Toxic fumes will be trapped over Balgowlah and neighbouring suburbs if the State Government goes ahead with its existing plans for the Northern Beaches tunnel.
That’s the view of a community group which has carried out a detailed assessment of the Beaches Link tunnel plans, focusing on the location of vehicle access points and exhaust stacks.
The plans, which were leaked from the RMS and published in the ABC and Sydney Morning Herald earlier this year, show two access points for the Northern Beaches - one near Serpentine Parade and Burnt Bridge Deviation, Balgowlah and the other on Wakehurst Parkway, near Kirkwood St, North Seaforth.
The Seaforth/North Balgowlah Beaches Link Community Group says both locations are problematic.
Group spokesperson Marco Corrent says the group wasn’t trying to stop the Beaches Link project, but simply to get community input into the design process.
“We just need some open thinking from the government," he said. "And the integration of some of our ideas into their designs, because that is what the community wants."
“We’ve put together a document, with advice from a commercial architect, civil engineers with state infrastructure experience, ventilation engineers and other experts. It points out the problems with the existing plan and suggests cost-neutral alternatives.”
The document, which has been sent to the RMS and to State Roads Minister Melinda Pavey, identifies the Balgowlah ventilation stack as particularly worrying.
Not only is this stack less than 150m from Seaforth Primary School, but it’s located in a topographical low point that is notorious among locals for trapping smoke and other emissions.
This occurs as the prevailing easterlies from the ocean stop smoke or fumes from dissipating out to sea, but are not strong enough to blow them over Seaforth Ridge, immediately to the west. Emissions from an exhaust stack would therefore build up over Balgowlah, gradually spreading out over the "valley" that extends from Manly to Brookvale and North Curl Curl - a densely populated area with at least 12 schools and many kindergartens and day care centres.
While the Balgowlah location is too low, the group believes the Seaforth location is too high for an access point so close to the deep tunnel section under Middle Harbour.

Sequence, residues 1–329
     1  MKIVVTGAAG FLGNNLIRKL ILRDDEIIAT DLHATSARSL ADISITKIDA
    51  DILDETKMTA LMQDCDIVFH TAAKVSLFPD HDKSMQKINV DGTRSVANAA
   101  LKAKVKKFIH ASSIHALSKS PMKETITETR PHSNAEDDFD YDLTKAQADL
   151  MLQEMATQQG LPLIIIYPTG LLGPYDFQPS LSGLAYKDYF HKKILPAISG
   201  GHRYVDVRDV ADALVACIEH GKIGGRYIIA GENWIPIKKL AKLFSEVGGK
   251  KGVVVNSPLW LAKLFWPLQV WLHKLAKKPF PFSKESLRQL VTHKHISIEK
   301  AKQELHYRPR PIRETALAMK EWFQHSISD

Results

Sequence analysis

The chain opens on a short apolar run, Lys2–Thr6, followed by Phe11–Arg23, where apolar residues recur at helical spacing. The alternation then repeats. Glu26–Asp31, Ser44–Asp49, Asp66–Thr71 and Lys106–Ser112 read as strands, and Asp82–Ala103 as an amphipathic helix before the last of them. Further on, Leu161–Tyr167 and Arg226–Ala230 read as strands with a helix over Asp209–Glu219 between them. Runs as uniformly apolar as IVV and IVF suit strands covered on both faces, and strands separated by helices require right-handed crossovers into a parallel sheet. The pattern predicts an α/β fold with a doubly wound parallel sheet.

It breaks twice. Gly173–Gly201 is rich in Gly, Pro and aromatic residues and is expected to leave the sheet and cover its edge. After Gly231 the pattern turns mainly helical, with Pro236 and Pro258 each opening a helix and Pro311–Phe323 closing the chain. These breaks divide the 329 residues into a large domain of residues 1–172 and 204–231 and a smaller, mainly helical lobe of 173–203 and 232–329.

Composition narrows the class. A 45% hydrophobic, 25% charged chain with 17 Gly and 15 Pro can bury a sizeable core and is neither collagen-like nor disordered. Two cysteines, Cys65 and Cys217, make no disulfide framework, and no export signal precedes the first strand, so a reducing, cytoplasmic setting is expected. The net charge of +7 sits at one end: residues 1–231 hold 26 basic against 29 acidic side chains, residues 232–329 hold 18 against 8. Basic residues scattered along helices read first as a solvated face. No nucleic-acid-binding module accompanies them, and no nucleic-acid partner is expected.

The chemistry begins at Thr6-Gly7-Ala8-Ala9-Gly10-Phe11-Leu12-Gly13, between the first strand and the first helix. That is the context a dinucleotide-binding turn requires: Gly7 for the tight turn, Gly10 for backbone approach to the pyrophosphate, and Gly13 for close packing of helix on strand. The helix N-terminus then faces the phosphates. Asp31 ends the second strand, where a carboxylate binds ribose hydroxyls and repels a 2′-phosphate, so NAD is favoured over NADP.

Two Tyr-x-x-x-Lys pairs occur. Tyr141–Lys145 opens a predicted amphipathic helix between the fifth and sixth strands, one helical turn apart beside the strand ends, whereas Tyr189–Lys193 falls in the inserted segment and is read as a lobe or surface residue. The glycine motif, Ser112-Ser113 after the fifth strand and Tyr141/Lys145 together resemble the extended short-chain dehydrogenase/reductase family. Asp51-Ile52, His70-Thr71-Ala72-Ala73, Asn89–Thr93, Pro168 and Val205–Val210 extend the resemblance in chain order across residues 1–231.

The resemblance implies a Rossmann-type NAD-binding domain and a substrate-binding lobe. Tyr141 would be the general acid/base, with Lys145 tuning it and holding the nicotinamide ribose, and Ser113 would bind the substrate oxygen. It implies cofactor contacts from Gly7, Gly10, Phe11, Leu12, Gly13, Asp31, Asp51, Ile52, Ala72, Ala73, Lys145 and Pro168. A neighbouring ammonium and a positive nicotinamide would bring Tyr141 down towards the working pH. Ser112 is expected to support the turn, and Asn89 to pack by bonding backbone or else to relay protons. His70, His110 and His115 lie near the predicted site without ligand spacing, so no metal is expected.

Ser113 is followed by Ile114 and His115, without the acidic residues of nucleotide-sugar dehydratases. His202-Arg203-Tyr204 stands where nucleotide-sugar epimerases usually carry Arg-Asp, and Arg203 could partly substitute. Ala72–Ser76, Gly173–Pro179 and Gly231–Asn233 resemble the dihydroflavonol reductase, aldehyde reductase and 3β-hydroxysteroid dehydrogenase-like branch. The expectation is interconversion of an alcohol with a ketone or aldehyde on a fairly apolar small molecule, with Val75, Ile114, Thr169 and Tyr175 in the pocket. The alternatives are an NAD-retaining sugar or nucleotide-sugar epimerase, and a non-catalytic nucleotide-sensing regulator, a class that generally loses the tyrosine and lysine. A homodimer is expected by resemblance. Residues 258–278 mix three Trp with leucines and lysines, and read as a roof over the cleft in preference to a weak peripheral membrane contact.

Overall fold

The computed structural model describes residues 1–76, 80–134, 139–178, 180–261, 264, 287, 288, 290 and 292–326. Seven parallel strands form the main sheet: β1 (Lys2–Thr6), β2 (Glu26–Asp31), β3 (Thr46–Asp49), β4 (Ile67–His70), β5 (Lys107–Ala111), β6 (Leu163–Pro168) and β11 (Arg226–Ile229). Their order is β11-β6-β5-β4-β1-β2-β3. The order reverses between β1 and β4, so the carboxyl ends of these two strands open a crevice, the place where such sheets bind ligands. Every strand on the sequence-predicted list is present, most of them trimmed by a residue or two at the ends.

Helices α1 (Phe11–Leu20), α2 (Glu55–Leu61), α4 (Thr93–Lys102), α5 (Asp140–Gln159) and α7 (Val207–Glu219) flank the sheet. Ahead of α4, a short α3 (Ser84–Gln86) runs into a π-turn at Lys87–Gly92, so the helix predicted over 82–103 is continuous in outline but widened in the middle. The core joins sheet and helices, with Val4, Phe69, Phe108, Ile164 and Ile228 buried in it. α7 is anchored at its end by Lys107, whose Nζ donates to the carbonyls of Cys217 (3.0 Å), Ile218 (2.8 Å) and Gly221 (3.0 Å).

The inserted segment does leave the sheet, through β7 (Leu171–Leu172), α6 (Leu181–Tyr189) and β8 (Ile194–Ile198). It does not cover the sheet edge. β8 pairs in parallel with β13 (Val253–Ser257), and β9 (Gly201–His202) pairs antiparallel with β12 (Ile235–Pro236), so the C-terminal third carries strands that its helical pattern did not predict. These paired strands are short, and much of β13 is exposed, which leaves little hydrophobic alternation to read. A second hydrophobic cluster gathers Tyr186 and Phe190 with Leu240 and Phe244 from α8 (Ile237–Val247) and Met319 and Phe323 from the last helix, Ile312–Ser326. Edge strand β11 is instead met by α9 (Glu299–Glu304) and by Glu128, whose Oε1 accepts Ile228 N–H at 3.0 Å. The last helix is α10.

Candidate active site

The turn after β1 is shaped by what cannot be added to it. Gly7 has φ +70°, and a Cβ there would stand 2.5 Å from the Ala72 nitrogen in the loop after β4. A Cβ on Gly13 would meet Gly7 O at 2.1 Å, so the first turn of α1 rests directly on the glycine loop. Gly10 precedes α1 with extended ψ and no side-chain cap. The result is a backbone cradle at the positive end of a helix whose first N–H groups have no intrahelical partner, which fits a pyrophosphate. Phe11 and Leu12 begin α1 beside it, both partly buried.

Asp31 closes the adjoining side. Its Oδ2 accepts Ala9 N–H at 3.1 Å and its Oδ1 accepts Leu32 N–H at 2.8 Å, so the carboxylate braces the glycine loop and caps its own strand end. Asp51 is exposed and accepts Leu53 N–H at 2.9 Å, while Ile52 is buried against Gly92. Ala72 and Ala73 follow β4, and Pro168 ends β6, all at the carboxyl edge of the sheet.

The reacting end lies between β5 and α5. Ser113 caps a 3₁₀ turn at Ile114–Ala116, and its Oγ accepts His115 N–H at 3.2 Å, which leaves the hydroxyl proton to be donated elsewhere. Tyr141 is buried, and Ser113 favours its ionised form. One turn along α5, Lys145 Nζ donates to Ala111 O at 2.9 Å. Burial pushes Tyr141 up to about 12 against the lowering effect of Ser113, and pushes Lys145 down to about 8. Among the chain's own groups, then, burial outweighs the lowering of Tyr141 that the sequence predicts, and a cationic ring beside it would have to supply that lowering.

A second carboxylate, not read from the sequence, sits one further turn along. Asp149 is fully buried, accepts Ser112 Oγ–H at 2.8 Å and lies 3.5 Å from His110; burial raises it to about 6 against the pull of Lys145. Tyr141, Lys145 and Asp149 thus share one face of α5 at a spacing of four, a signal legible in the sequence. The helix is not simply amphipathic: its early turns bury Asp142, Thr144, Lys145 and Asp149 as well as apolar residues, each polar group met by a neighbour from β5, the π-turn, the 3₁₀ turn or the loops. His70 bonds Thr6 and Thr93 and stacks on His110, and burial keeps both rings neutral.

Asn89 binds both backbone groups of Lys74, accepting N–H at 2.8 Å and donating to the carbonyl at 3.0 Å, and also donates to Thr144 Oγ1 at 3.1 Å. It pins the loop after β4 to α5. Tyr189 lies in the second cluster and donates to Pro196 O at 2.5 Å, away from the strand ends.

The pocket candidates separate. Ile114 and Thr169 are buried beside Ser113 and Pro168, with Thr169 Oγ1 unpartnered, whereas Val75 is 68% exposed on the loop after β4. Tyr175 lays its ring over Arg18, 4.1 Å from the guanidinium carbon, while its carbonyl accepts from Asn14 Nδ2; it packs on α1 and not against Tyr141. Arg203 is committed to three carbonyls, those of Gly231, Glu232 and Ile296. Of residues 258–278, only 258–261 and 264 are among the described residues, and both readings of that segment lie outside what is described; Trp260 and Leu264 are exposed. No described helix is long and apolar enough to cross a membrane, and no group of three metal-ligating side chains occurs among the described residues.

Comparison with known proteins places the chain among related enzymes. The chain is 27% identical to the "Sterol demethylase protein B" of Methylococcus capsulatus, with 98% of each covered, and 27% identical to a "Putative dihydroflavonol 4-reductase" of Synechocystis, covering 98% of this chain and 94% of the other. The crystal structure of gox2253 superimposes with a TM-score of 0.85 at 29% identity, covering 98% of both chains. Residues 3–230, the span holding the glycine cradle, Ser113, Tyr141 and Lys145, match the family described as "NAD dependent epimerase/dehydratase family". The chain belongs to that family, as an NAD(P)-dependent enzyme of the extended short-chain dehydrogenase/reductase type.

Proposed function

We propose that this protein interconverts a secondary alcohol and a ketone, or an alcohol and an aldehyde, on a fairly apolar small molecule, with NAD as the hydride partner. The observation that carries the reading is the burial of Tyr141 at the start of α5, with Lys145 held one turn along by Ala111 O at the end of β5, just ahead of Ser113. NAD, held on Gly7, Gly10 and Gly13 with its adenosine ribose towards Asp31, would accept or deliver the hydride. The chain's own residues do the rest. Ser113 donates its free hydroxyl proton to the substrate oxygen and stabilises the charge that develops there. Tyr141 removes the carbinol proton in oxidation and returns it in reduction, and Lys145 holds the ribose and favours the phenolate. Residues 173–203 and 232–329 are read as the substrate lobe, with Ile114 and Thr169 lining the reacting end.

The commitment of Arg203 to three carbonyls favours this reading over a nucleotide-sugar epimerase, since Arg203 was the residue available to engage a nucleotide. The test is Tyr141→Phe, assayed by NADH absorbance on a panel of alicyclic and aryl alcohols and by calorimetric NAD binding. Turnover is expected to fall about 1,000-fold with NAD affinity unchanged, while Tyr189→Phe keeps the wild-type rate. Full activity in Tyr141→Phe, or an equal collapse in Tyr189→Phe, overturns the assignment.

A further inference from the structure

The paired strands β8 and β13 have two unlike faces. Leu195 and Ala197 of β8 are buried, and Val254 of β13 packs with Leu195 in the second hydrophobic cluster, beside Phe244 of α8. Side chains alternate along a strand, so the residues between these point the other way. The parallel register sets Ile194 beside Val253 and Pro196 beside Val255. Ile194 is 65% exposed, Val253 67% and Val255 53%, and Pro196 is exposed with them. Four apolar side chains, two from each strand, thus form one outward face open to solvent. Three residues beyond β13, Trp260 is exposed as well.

Their assessment reveals that the grade from the tunnel low point to the proposed exit at Seaforth is 4.5%, which exceeds the RMS own guidelines and is likely to cause excessive pollution as vehicles drop into low gear to tackle the climb.
As well both locations are close to existing houses and near precious bushland.
But solutions are possible.
One idea is to shorten the Balgowlah tunnel spur - the section between the main tunnel and the Balgowlah exit - to 500m, a length at which it would not need its own exhaust stack. All the exhaust emissions would then be safely vented at the Seaforth Exhaust Stack, located on a high, windy ridge.
And the Seaforth access portal should be moved 600m further north along the Wakehurst Parkway resulting in a longer distance for the climb from the tunnel low point and therefore a gentler, safer grade.
The document says these relocations would also mean fewer homes would be affected in both locations, meaning the government would save money on house acquisitions and on expensive noise mitigation work, as well as causing less disruption to the community.
Mr Corrent said the group has been told the project is only in the concept stage and that their ideas will be considered for the final design, which will be made public next year.
"I'm hopeful they will take our ideas on board," he said. "This is what the community wants. People are being polite now - but they won't put up with having an exhaust stack right next to a primary school.
"We have a lot of support, including from Manly Ward councillors (Deputy Mayor) Candy Bingham and Sarah Grattan, and from (Northern Beaches Council Mayor) Michael Regan."
The Beaches Link assessment document is available here:
Candy Bingham, Deputy Mayor & Manly Ward Councillor on Northern Beaches Council. Background in marketing, public relations and community engagement. Author of five business books. Former Lady Mayoress of Sydney. Aka Candy Tymson.